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The Journal Gazette

Thursday, August 10, 2017 1:00 am

Bid to cut nicotine levels going global

Sam Chambers | Bloomberg

The U.S. Food and Drug Administration's proposal to strip cigarettes of their addictive properties has opened a new front in the international campaign to reduce smoking.

After FDA Commissioner Scott Gottlieb suggested mandating drastic cuts in nicotine levels, public health experts in New Zealand last week published an action plan recommending such reductions within five years. Canada and Finland say they're looking into regulating amounts of the drug in tobacco products, while officials in the U.K.'s Department of Health have discussed the U.S. proposal with FDA representatives, according to a person familiar with the matter.

The FDA has “massively raised the attention on reduced-nicotine cigarettes for regulators across the world,” said Clive Bates, a public health consultant. The move provides “tremendous impetus” to the concept of nicotine limits despite the policy's flaws, which include the likelihood that it would create a black market for standard cigarettes, he said.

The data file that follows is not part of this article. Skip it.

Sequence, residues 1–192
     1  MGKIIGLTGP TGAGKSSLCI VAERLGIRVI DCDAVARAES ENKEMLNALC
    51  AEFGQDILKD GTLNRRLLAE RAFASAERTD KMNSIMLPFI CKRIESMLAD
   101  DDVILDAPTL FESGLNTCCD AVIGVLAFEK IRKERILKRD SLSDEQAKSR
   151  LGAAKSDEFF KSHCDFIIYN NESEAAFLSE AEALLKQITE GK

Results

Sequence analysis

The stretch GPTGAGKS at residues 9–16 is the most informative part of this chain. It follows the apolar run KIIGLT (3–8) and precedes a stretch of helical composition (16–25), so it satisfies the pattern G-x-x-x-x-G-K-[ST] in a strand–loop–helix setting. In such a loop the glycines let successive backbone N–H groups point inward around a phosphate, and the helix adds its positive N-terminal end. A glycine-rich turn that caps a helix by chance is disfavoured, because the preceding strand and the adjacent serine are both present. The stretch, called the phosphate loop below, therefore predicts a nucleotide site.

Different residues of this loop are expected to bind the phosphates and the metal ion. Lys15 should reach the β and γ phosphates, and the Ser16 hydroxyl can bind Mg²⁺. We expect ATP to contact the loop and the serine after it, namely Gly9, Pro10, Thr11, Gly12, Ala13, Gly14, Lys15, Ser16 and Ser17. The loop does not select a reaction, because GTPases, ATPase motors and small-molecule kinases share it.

The FDA's proactive stance could embolden authorities outside the U.S. to step up the war on nicotine, undermining tobacco companies' prospects in developing countries where they've sought growth to compensate for falling smoking rates in the wealthy world. History shows that government efforts to curb smoking, from advertising bans to restrictions on packaging, can spread quickly across borders.

Gottlieb's move wiped about $36 billion off the value of tobacco companies in a single day, initially hitting those with the biggest U.S. exposure, such as Lucky Strike owner British American Tobacco Plc and Marlboro parent Altria Group Inc., the hardest. The timing of the FDA announcement may be particularly painful for BAT, which is said to be marketing bonds in Europe after on Tuesday announcing one of 2017's biggest bond sales in the U.S., to refinance its $49.4 billion buyout of Reynolds American Inc. BAT shares fell as much as 1.2 percent in London on Wednesday.